Next In Line To Die: William Speer Found God On Texas Death Row
"Big Will" has tried to turn his life around. He's found God, been baptized, and is the first inmate coordinator for a faith-based program offered to people on Texas Death Row. He's seen as a model prisoner, is well-liked, and passed his faith program with honors. In spite of all this, unless something changes, he will die before the end of this month. His execution is scheduled for 10/26/2023. [UPDATE: William Speer was granted a stay of execution by The Texas Court of Criminal Appeals. Time will tell if this is just delaying the inevitable]
Texas just recently executed an inmate in a similar situation. Jedidiah Murphy had reconnected with his Jewish faith, and despite the advocacy of his Rabbis- he was still executed on 10/10/2023. The odds were stacked against him, as Texas has only ever granted clemency to three men since 1976- which is less than 1% of people who have been on death row.
William Speer seems like a down-to-earth guy who has made some mistakes and deeply regrets them. Should Texas forgive him and commute his sentence? Perhaps we should take a look at his crimes before coming to a conclusion. Big Will has been convicted of killing two people- years apart. Does this mean he's an inherently dangerous person?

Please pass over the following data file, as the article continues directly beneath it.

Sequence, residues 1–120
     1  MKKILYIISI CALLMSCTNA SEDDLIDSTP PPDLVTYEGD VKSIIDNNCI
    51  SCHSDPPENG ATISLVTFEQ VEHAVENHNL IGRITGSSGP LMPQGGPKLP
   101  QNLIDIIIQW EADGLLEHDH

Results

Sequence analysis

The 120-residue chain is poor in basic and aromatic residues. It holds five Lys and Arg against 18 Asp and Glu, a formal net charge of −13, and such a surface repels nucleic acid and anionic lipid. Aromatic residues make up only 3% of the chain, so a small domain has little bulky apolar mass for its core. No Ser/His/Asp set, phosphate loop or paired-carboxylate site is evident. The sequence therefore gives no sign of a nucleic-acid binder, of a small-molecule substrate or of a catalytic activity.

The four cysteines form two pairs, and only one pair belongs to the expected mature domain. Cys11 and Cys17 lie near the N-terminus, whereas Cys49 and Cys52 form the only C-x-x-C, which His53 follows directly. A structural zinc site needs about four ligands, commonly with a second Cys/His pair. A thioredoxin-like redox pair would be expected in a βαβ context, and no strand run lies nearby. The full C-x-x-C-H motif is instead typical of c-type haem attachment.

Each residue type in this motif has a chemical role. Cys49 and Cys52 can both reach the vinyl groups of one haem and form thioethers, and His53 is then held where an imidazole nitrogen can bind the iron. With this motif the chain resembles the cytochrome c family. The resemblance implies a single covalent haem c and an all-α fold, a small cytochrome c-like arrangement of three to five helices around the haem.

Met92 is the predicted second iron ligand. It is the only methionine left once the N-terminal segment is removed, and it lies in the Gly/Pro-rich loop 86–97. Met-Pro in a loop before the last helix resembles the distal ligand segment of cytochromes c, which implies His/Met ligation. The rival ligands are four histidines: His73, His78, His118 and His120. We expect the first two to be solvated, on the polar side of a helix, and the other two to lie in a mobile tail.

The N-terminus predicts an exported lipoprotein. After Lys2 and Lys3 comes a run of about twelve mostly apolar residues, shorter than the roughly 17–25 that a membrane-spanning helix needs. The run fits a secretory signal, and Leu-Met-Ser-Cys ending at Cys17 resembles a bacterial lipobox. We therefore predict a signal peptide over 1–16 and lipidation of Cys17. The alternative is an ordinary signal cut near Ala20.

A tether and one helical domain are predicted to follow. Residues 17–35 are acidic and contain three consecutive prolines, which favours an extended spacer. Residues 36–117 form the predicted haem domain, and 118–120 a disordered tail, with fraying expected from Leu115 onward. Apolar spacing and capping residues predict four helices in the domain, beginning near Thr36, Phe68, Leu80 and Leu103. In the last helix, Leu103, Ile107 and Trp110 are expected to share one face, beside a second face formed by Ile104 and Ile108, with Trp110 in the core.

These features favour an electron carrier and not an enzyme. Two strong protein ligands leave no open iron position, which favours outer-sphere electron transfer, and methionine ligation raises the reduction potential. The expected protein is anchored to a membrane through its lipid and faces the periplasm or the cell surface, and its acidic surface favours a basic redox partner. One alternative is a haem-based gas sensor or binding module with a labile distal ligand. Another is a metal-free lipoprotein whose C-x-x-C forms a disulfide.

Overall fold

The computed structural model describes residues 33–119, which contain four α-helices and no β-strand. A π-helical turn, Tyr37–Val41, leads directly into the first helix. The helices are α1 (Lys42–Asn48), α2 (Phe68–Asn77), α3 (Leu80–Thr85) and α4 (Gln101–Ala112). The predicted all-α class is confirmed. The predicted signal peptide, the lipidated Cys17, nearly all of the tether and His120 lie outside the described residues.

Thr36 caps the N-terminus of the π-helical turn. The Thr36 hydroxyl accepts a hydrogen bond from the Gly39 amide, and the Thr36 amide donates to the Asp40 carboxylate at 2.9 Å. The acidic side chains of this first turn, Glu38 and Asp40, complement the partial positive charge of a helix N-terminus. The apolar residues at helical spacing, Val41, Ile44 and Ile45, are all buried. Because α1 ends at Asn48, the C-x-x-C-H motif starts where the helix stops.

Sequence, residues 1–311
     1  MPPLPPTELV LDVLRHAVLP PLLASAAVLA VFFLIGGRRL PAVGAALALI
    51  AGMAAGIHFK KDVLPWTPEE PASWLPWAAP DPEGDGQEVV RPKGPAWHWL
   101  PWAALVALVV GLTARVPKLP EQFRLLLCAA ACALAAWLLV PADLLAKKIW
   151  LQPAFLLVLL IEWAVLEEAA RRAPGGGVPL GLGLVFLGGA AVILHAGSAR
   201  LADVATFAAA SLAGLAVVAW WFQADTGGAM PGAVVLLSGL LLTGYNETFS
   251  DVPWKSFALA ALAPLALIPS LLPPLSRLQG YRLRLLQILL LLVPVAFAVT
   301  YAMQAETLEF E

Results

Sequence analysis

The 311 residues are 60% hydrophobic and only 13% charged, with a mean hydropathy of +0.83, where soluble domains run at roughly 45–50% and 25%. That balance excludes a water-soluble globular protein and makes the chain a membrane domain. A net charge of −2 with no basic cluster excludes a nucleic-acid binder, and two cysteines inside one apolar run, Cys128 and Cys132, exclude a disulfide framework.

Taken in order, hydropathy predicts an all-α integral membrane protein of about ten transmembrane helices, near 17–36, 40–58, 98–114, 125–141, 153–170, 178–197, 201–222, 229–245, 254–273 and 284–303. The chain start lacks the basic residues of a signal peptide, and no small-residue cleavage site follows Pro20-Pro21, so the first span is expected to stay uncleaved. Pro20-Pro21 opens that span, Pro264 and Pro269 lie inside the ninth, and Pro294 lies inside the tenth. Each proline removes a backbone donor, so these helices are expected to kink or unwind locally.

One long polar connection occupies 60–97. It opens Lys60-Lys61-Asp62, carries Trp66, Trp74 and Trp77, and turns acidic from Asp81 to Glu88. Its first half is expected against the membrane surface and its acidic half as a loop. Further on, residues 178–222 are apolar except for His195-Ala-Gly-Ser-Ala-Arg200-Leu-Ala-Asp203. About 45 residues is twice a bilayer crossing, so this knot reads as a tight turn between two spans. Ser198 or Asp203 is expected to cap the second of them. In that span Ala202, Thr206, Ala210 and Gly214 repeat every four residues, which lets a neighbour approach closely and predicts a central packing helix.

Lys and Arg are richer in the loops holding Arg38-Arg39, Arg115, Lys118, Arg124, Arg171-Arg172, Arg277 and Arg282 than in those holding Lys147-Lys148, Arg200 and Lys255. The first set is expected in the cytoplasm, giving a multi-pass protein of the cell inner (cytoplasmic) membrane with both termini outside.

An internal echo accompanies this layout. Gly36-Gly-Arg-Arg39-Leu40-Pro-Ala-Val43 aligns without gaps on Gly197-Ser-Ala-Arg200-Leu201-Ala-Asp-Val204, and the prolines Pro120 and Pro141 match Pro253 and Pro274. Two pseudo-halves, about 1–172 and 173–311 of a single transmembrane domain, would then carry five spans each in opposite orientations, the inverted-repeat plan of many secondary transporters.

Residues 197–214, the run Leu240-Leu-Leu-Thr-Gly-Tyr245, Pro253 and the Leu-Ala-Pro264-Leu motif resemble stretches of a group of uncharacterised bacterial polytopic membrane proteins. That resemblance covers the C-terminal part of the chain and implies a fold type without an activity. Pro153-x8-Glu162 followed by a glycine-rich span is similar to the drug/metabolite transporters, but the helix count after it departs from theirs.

William Speer committed his first murder at 16- he shot and killed a friend's father to curry favor with that friend group. That sounds ridiculous, callous, and petty without context. Speer had suffered extreme physical and emotional abuse from his drug-addicted parents and sexual abuse at the hands of a neighbor. He was desperate to belong somewhere- to be cared about by anybody. That certainly doesn't justify his actions, but it does show he's not a wanton psychopath. However, this is not the crime for which Speer received the death penalty.
Committing murder while incarcerated for murder is a Capital offense in Texas, meaning that you can get the death penalty if convicted. But why would Speer kill again? This time, it was in an effort to join a gang for protection. Speer had already had his feet set on fire and part of his ear bitten off since he entered prison. Unfortunately, "the jury in Speer's second murder trial had never learned about his childhood or his experiences in prison." So it's no wonder they saw Speer as a twice-over murderer who would continue to be a danger.
Unluckily for Speer, none of his appeals have worked. His "dependant personality disorder," which is blamed for his need to please people at any cost, including the lives of others, could indicate that he is still a danger if he were ever to leave death row. Perhaps this is why his appeals have been denied.
If Speer has truly repented, then God has forgiven him. Time will tell if Texas is willing to do the same.
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